As levels of anxiety increase, problematic smartphone use also increases, the findings showed.

“Problematic smartphone use is more complex than previously thought and our research has highlighted the interplay of various psychological factors in the study of smartphone use,” Zaheer Hussain, Lecturer in Psychology at the University of Derby in Britain, said in a statement.

“This is because people may be experiencing problems in their lives such as stress, anxiety, depression, family problems, so in that state they are emotionally unstable, meaning they may seek respite in very excessive smartphone use. This is worrying,” Hussain said.

For the study, a team of psychologists conducted an online study with 640 smartphone users, aged between 13-69 years, to find out the association between smartphone use and personality traits.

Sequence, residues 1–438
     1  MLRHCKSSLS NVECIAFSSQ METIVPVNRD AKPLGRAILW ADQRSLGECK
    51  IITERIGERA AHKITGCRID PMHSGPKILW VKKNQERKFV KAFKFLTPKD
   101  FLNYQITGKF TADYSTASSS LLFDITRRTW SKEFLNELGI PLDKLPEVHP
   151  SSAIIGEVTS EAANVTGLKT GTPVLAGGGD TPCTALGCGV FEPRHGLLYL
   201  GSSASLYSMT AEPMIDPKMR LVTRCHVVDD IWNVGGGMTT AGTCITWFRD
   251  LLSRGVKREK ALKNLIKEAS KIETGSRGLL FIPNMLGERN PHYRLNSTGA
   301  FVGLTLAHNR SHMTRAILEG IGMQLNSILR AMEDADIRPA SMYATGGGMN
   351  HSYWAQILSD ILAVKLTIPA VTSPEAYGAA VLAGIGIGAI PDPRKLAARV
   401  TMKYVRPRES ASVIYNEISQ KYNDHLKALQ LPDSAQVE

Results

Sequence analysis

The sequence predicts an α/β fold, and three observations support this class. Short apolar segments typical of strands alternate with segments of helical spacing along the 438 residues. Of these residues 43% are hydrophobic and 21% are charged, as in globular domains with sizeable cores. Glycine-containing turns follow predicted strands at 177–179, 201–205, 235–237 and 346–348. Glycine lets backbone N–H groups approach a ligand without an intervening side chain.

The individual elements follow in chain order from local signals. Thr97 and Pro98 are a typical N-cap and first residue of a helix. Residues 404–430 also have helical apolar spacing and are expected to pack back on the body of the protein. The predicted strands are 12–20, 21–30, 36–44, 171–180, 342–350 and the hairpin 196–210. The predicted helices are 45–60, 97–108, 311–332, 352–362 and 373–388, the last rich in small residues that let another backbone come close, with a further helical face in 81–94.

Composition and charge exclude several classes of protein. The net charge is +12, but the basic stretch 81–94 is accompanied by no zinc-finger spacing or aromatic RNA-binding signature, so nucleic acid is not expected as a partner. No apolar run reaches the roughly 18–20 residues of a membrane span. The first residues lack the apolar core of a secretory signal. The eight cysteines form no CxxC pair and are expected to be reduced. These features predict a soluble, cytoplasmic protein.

The results showed that people who are “closed off” or less open with their emotions are more likely to have problems with smartphone use.

“They may be engaging in passive social network use, where you spend a lot of time on Facebook, Twitter, Instagram, browsing other peoples’ comments, pictures, and posts, and not posting anything of your own and not engaging in discussion with others, so there is no real positive social interaction while social networking,” Hussain noted.